I'm living in Kusatsu-shi, Shiga-ken for an undetermined amount of time and teaching English as a second language at a local high school. This journal is to document my experiences, thoughts, and to stay connected with others at home and abroad.

Sunday, February 18, 2007


February 3rd,

The last day of spring, according to the Chinese lunar calendar, and what is more natural than throwing out last season's garbage. So all over Japan people gather at neighborhood temples. "Oni wa soto, Fuku wa uchi ({鬼は外、福は内} Out with the demons, In with fortune)," people chant and chase their devil-masked family members, friends, and monks––anyone up for a good pelting––with good luck beans. The Chinese, and now Japanese as well, have long believed that evil creatures haunt the cusps between different seasons ("Setsu" = season + "bun" = division), and in order to cleanse their homes for the upcoming year they participate in "Mamemaki" (roasted soybean-throwing). They even eat the beans afterward for good health and luck (although I don't see how throwing food on the ground and then eating it is supposed to purify the body, it seems to work in spirit). If you are up for stench, you can also decorate your home with sardines, a smell even demons despise. And don't forget the holly bough––if the smell and the bean smattering hasn't driven those spirits back to hell yet, there's also some old-fashioned poison to do the trick.

Despite the comical tone, the Setsubun experience was quite amazing. Later in the same day that Katie, Winston, and I went to Iga-Ueno, we took a train to Nara where a special event was taking place. Once in Nara we took a long stroll up above the city to a shrine called Kasuga Taisha (春日大社). The path was lined with around 3000 paper and stone lanterns. A low golden moon hung just over the top of the mountain, peaking through the trees as we walked uphill to the shrines, and casting shadows ahead of us as we descended back down. I tried to takes pictures of our experience, but given the lighting it was a bit difficult. Maybe I can draw of picture of it and add it to my Nara picture collection. The place is so inspiring! The parks and temples are endless, the deer are abundant (hence, why I am learning archery), and there is one of the world's largest Buddhas at Todaiji (東大寺). If you ever go to Japan, Nara. For a nature, history, culture lover, you could spend years in Nara and learn something new every hour of being there. Tokyo is a meth lab with enough toxic fumes and chemicals to melt your retinas and leave your tongue bleeding. Nara is a smooth palm and a glass of water.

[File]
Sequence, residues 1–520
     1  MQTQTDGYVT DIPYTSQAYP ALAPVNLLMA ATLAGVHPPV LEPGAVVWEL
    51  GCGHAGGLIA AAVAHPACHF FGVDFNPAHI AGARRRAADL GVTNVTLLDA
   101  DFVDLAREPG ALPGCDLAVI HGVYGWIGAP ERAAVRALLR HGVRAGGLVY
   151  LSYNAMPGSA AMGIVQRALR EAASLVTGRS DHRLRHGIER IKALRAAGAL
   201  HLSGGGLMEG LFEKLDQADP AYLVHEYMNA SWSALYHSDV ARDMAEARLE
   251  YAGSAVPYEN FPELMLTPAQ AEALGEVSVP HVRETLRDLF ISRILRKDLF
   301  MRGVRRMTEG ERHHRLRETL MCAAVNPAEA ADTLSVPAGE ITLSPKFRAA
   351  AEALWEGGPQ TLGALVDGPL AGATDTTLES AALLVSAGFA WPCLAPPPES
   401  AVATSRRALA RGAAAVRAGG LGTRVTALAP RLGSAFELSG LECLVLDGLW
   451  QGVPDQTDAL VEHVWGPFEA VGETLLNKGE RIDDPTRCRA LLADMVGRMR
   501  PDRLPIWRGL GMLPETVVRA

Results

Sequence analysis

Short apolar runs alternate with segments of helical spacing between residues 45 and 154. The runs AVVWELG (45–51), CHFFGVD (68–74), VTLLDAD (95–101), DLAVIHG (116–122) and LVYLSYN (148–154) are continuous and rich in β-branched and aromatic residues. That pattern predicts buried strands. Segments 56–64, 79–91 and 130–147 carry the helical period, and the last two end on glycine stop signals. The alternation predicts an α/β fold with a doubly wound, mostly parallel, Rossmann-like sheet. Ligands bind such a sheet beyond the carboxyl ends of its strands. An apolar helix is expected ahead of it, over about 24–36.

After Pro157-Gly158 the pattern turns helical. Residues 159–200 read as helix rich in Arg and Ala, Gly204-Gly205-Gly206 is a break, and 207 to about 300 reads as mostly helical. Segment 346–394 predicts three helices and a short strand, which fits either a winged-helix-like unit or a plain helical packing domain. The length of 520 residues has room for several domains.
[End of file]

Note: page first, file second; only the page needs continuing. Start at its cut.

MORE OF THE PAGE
February 4th,

We celebrated Setsubun in a modern setting today. The Kusatsu International Friendship Association (KIFA = 国際交流協会) invited Katie, Winston, and I to join them and play a few songs at their spring welcoming party. I'm not much a party-goer, but I really enjoyed getting together with many people I knew through KIFA and Kusats, and meeting new people. Plus my Japanese teacher, Fujiwara Sensei, came and took many pictures! Thank you! Without her I would not be able to share these photos from the event. Not to mention speak Japanese, that's pretty helpful too.

This is Winston, Katie, and I doing "mochi-tsuki", or mochi making. Mochi is sticky rice used to make semi-sweet cakes, and they are really big here in Japan, especially in Shiga. (If you want a better explanation ask Katie or Winston; they love mochi. Unfortunately I don't care for the taste, it's a little too doughy, and the sweet-bean fillings aren't exactly what I look for in a dessert.) If you've never seen "mochi-tsuki" before, you can watch some awesome videos on You Tube taken in !NARA! of some pros at work. You have to pound rice with the giant mallets we're holding in the pictures, and the realy guys are fast! Search for "mochi-tsuki" in Nara (or Japan).

Fujiwara Sensei! She lives in a nearby city, Yasu, and I visit her once a week with a lot of questions. She always tries to help me, and has been invaluable to helping me feel more comfortable speaking Japanese with other people. THANK YOU!


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